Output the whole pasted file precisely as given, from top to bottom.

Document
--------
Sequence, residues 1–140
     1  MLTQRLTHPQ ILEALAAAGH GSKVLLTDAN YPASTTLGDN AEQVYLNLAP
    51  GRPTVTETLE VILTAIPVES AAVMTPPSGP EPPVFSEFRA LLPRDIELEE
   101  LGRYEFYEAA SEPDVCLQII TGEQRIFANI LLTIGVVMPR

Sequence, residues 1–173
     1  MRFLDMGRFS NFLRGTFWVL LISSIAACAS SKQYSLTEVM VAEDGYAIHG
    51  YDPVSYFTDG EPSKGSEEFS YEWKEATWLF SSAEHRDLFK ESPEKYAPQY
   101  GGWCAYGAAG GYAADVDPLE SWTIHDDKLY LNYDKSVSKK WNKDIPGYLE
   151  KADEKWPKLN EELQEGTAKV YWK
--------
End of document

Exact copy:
Sequence, residues 1–140
     1  MLTQRLTHPQ ILEALAAAGH GSKVLLTDAN YPASTTLGDN AEQVYLNLAP
    51  GRPTVTETLE VILTAIPVES AAVMTPPSGP EPPVFSEFRA LLPRDIELEE
   101  LGRYEFYEAA SEPDVCLQII TGEQRIFANI LLTIGVVMPR

Sequence, residues 1–173
     1  MRFLDMGRFS NFLRGTFWVL LISSIAACAS SKQYSLTEVM VAEDGYAIHG
    51  YDPVSYFTDG EPSKGSEEFS YEWKEATWLF SSAEHRDLFK ESPEKYAPQY
   101  GGWCAYGAAG GYAADVDPLE SWTIHDDKLY LNYDKSVSKK WNKDIPGYLE
   151  KADEKWPKLN EELQEGTAKV YWK